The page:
Table 2 Application of CDs for image-guided gene therapy. Synthesis method
Porphyra polysaccharide – EDA
Size: <10 nm, QY: 56.3%
23.54 ± 1.4 mV
Differentiation of stem cells to neural cells with CDs achieved faster and more efficiently than with all-trans retinoic acid, low cytotoxicity
QY: depended on microwave irradiation time Size: depended on pH
Low cytotoxicity, high transfection efficiency, early cell apoptosis, good drug loading ability High cell viability of CD-PEI/Au-PEI carrier, high transfection efficiency (the appropriate size of the complex might facilitate cellular uptake) High transfection efficiency and cellular uptake, good cell imaging capability under single-wavelength excitation, minimal cytotoxicity Low cytotoxicity, high transfection efficiency
EGFP, siRNA, pDNA, doxorubicin (DOX) pDNA
pDNA and siRNA
A549, A549-Luc, animal
High transfection rate, cell viability was dwindling by increasing concentration of carrier
Size: 5–10 nm, QY: 12.7%
At pH 1, 4 and 8, the zeta potential was +36.5 ± 6.2 mV, +51.8 ± 4.8 mV and +2.7 ± 4.4, respectively. +25 mV
Citric acid and tryptophan (Trp)- PEI-adsorbed CD NPs (CDs@PEI) HA and PEI
Size: 3.9 ± 0.3 nm, QY: 20.6%
+26.6 ± 1.6 mV
Size and QY: depended on microwave irradiation time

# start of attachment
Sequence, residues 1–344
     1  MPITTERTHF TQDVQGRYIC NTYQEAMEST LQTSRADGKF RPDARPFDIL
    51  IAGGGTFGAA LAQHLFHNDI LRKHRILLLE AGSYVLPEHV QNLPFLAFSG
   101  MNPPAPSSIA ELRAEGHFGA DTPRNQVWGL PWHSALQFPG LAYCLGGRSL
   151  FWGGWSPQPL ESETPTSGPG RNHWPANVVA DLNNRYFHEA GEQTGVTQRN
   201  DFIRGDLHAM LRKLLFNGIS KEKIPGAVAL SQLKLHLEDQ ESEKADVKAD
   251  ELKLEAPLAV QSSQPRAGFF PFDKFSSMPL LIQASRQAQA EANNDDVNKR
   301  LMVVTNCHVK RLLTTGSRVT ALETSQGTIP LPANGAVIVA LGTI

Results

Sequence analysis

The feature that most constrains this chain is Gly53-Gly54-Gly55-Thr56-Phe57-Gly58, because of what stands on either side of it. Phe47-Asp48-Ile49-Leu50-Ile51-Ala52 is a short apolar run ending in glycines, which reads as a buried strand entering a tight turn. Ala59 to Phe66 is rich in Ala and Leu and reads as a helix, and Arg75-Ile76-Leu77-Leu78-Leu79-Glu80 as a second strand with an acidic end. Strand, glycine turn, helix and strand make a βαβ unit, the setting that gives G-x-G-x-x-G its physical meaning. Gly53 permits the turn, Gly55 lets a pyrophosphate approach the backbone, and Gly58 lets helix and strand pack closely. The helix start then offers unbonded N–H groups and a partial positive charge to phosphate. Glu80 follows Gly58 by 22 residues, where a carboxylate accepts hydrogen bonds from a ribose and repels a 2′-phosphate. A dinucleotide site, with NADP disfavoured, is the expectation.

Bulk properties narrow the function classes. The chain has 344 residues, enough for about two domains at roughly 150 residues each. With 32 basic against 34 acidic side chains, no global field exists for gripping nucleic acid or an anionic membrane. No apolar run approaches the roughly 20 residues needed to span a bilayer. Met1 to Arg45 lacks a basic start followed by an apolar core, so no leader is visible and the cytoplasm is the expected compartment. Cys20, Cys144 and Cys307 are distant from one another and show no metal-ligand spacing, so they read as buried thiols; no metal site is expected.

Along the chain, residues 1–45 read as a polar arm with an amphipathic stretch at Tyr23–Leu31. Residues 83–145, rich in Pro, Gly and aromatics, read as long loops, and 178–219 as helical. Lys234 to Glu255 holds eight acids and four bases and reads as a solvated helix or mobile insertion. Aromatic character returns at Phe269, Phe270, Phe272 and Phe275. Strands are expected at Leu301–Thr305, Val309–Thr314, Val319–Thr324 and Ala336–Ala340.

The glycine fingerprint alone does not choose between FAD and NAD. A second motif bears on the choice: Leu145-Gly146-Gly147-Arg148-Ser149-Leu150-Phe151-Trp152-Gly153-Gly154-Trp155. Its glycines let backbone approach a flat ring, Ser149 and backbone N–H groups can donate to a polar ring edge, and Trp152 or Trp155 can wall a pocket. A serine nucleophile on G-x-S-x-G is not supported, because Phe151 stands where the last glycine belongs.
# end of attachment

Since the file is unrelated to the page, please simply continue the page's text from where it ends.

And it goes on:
Increase from À5 mV to +44 mV as the weight ratio of CDs/DNA increased
Exhibited strong and stable fluorescence, water-dispersible, high transfection efficiency, negligible toxicity Superior water solubility, excellent biocompatibility, enhanced gene delivery efficiency, induced efficient gene knockdown Low cytotoxicity, high transfection efficiency, strong blue fluorescence under UV light, good intracellular imaging ability
4.4 ± 1.7 mV
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Precursors and surface passivation
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The branched PEI-modified CDs exhibited higher gene transfection efficiency than linear PEI and naked pDNA
for the control of Aedes aegypti larvae. Based on the evaluation of mortality caused by dsRNA targeting of each carrier on three different days, the CDs/dsRNA, showed the most efficient target-gene knockdown among the vectors, with mortality from 38% and 32% for CDs/dsAaSRC and CDs/dsAaSNF7 on the third day to 53% and 75% by the seventh day. For chitosan NPs, after seven days, the mortality for the dsAaSRC and dsAaSNF7 treatments reached 27 and 47%, respectively, and amine-functionalized silica NPs/dsAaSRC caused no mortality or efficacy . For siRNA delivery, the dissociation of the nucleic acid from the carrier is important because the molecules are smaller than plasmid DNA and their association with the carrier might be stronger. In these cases, looser nano complexes have shown higher transfection efficiencies than stronger complexes. Hence, balancing association/dissociation affinity is a key point in the design of an efficient siRNA carrier.
Aedes aegypti larvae
dsRNA of two target genes (SNF7 and SRC)
For CDs: approximately +27 mV, for CDs/pDNA: about +16 mV +15 ± 8 mV
Glucose and branched or linear PEI
HA and PEI
PEG and PEI
HEK 293T pDNA –
Size: 3.5 ± 0.9 nm, QY of CDs with branched PEI: 2.861%, with linear PEI: 2.439% Size: approximately 2.25 nm, QY: 12.4% Size: 3.7 ± 0.7 nm
Synthesis method Precursors and surface passivation
Table 2 (continued)
Cell lines/animal Cargo Zeta potential Properties